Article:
Submitted by SJV Valley Air District
Valley Air District officials are urging residents to reduce driving and other emission-producing activities this week due to unseasonably high temperatures. Although ozone numbers are not forecast to reach Air Alert levels, the high temperatures and stagnant conditions may lead to elevated ozone levels, unusual for this time of year.
Despite abnormally high temperatures and a string of wildfires, this year has proven to be another year of historically low ozone levels for the Valley. In fact, this summer, the Valley set new records for having the longest stretch of consecutive days with no exceedances of the most stringent 8-hour standard (75 ppb) established by the federal government.
The Air District credits Valley businesses, farmers and residents for the significant progress the Valley has made in reducing ozone pollution.
“We were prepared to declare Air Alerts throughout the summer, especially after the start of the school year, to urge Valley residents to cut back on driving. However, ozone levels never reached the trigger level necessary to declare an Air Alert,” said Seyed Sadredin, the District’s air pollution control officer and executive director.
If the trend continues, 2014 will be the second consecutive year during which the Valley has not had a violation of the 1-hour ozone standard. This is the standard for which the Valley has been subject to the $29 million penalty under the federal Clean Air Act. The Air District has already submitted a formal request to the California Air Resources Board and the federal EPA to revoke this penalty and is awaiting formal response to declare the Valley in attainment of this challenging standard.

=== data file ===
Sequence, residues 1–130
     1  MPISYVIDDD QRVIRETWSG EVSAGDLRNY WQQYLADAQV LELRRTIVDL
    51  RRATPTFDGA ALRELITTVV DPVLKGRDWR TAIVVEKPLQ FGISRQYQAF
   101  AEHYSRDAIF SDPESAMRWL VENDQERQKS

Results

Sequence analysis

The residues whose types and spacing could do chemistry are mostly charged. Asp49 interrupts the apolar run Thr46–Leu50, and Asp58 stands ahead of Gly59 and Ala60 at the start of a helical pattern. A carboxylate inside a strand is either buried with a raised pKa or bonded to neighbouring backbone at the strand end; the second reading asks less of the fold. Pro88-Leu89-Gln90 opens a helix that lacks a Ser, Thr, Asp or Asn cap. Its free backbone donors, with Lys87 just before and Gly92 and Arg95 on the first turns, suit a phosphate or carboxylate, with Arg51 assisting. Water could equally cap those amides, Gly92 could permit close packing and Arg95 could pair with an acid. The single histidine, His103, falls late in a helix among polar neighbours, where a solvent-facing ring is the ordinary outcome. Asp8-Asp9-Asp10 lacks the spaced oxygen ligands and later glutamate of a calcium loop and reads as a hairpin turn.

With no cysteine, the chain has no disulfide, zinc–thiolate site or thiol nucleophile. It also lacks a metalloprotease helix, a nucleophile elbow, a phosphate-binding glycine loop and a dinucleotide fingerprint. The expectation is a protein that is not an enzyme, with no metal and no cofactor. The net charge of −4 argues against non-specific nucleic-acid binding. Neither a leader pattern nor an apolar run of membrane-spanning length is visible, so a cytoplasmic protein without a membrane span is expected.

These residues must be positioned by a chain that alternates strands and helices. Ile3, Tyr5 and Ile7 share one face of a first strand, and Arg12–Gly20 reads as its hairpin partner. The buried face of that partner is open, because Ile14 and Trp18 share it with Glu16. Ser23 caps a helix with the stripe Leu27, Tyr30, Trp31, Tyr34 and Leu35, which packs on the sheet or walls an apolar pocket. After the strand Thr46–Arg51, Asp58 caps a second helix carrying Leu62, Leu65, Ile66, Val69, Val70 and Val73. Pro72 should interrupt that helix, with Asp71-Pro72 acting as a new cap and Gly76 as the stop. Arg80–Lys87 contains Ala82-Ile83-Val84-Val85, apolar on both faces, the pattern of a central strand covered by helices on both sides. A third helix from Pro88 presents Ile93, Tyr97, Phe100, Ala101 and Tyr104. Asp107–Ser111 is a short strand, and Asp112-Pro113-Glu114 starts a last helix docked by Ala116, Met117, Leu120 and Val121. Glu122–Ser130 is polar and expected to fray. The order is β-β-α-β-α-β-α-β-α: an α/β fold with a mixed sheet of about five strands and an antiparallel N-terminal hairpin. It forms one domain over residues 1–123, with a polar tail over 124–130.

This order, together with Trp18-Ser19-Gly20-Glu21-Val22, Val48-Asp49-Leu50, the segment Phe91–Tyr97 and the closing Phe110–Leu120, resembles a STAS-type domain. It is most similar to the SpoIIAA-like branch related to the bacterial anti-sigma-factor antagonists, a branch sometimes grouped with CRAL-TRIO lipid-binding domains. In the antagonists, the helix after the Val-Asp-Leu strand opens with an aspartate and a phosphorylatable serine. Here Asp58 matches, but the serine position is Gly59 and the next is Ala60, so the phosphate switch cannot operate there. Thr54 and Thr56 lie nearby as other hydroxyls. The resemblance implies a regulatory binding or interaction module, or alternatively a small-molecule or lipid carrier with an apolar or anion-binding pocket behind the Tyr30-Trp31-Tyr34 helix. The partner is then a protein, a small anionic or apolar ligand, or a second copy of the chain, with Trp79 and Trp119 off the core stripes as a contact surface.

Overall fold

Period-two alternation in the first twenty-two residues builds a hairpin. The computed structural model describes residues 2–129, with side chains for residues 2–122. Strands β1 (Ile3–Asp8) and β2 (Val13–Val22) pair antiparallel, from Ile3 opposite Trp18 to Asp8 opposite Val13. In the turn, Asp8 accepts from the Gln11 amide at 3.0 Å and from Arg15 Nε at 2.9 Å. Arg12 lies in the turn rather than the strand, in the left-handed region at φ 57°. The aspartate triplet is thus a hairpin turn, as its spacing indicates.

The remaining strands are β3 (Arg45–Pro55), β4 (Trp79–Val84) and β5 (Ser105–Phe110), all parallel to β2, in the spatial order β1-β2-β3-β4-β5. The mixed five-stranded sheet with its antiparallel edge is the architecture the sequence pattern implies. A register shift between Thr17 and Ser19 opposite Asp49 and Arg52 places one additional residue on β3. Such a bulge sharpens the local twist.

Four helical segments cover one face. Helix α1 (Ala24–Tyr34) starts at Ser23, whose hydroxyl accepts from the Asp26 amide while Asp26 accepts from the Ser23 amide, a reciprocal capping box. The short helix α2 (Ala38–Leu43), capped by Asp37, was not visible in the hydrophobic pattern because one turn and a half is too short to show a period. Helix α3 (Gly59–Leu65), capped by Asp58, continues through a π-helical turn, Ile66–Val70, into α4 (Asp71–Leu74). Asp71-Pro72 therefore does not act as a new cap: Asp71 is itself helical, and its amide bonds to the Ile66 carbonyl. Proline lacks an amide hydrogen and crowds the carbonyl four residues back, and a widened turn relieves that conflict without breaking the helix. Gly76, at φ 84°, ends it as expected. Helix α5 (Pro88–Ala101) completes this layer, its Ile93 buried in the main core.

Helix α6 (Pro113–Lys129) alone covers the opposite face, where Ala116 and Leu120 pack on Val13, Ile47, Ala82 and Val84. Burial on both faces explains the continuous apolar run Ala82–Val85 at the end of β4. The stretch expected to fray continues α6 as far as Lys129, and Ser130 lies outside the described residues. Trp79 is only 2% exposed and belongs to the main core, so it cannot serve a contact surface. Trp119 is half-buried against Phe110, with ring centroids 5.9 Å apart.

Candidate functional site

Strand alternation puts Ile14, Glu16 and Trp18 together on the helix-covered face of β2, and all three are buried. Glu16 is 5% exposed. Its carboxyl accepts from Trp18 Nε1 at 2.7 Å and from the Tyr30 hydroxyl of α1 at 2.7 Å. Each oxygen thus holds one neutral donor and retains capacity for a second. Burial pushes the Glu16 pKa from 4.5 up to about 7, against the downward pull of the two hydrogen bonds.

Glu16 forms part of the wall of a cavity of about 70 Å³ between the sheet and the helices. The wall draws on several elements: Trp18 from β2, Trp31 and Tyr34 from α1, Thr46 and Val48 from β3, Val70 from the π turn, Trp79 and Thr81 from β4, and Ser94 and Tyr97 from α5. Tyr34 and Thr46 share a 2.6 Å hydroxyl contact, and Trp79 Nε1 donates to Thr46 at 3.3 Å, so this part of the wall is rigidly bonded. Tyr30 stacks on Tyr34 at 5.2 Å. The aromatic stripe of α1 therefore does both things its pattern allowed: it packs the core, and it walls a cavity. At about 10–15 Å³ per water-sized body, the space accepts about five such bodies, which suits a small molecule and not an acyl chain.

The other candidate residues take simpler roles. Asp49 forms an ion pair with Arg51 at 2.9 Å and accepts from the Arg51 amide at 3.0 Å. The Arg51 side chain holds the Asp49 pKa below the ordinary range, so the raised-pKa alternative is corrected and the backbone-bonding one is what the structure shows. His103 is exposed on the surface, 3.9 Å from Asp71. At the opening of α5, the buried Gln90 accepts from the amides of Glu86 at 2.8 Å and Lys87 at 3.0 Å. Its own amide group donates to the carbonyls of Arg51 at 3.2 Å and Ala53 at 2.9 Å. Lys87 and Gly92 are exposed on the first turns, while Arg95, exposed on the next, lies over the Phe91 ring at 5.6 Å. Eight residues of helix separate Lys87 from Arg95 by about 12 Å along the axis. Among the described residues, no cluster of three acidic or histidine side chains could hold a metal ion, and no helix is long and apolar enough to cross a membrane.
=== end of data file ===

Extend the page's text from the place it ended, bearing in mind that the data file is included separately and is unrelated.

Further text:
“With just a few critical days left in the ozone season for the year, we are asking the public to help stay below the standard, which will force EPA action to lift the $29 million penalty,” added Sadredin.
Local air officials are reminding Valley residents to use air-friendly strategies including:
- Reducing driving by trip linking and eliminating unnecessary trips
- Walking or biking to school
- Reducing idling when dropping off or picking up students
- Carpooling, vanpooling and using mass transportation
“As the Valley has proven time and again, when we come together in a common cause, we can achieve remarkable results,” Sadredin said.
Residents can check their current, localized air quality by subscribing to the free Real-time Air Advisory Network (RAAN), which links a computer or smart phone to any monitor in the District’s Valley-wide network. Hourly, automated emails are delivered when air quality is changing. For more information or to subscribe, visit www.valleyair.org/RAAN. Residents can check their daily air quality forecast at the website or by calling 1-800 SMOG INFO (766-4463). Also, visit the District on Facebook at “Valley Air” and follow us on Twitter (@Valleyair).